Ewan Mackenzie, a research associate at Newcastle University Business School, researches the sociology of work and employment, with a particularly keen eye on both ethics and the public sector. And so the the upcoming forum, “Between the discourse of ‘resilience’ and death by committee – Reclaiming collective spaces for academic resistance” seems like a natural fit for the ethnographer during a time when the corporate impulse in higher education is acutely felt. “Neoliberal discourses,” he says below, “attempt to make individuals responsible for structural issues beyond their influence, and pass systematic failings and insecurities on to individuals.”
In the lead up to that May 4 event hosted by Newcastle University, Social Science Space will publish a series of interviews on academic capitalism and academic resistance with organizers and speakers from the “Reclaiming” event. In this second of a series of interviews conducted by Social Science Space’s Daniel Nehring, Mackenzie explains why he joined this undertaking organized alongside Audrey Verma and the Early Career Forum of the British Sociological Association. He discusses hallmarks of the modern academic institutions and then details some of the events that lead him to believe in both resilience and resistance.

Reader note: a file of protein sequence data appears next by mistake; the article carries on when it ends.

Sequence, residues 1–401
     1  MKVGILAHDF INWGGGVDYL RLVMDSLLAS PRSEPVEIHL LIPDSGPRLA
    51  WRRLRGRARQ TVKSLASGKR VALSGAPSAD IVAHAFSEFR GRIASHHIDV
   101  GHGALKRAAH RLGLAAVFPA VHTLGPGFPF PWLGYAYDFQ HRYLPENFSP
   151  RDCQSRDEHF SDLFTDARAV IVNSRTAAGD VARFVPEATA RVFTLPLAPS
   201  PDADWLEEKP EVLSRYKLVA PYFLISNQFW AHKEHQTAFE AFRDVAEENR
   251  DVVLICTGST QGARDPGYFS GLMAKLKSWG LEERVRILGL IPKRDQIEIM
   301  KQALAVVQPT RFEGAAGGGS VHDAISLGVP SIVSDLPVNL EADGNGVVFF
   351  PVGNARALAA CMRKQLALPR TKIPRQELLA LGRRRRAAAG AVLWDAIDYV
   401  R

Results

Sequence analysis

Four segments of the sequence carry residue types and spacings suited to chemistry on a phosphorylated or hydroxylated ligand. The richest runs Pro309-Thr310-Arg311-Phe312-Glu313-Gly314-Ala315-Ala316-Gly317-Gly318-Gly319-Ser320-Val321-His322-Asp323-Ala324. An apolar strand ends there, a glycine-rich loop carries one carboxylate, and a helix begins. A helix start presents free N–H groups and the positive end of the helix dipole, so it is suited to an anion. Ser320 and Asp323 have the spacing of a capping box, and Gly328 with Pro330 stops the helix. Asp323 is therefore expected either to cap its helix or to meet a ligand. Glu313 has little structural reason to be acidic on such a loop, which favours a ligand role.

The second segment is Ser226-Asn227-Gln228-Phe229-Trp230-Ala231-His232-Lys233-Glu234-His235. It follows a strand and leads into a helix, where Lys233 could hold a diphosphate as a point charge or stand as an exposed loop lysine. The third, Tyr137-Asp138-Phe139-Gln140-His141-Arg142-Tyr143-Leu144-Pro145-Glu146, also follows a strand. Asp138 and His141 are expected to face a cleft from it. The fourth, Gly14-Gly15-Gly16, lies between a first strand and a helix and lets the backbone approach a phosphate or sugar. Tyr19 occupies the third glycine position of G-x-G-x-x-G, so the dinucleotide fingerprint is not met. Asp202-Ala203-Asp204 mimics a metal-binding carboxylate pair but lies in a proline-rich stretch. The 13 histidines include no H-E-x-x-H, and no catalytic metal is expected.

Daniel Nehring: What, specifically, motivated you to organize this event?
Ewan Mackenzie: The motivation for the event began when I met with Audrey and she articulated her lucid ideas around prevalent discourses of resilience and economic rationalities in universities, both of which resonated with our experiences and interests as ‘early career’ researchers. From that day on we have worked together on the idea and have thankfully received the BSA’s backing, as well as the hugely valued input, enthusiasm and support of our speakers (who also inspired us to organize the event in the first place!). The opportunity to create an event on this topic is hugely inspiring, and in many ways it resonates with an ambition to transform academic critique into tangible forms of resistance and action, both with respect to work and employment in higher education and the public sector more widely. It’s important to be working towards a programme of change, and as junior researchers with fresh insight, we felt that we should take some initiative.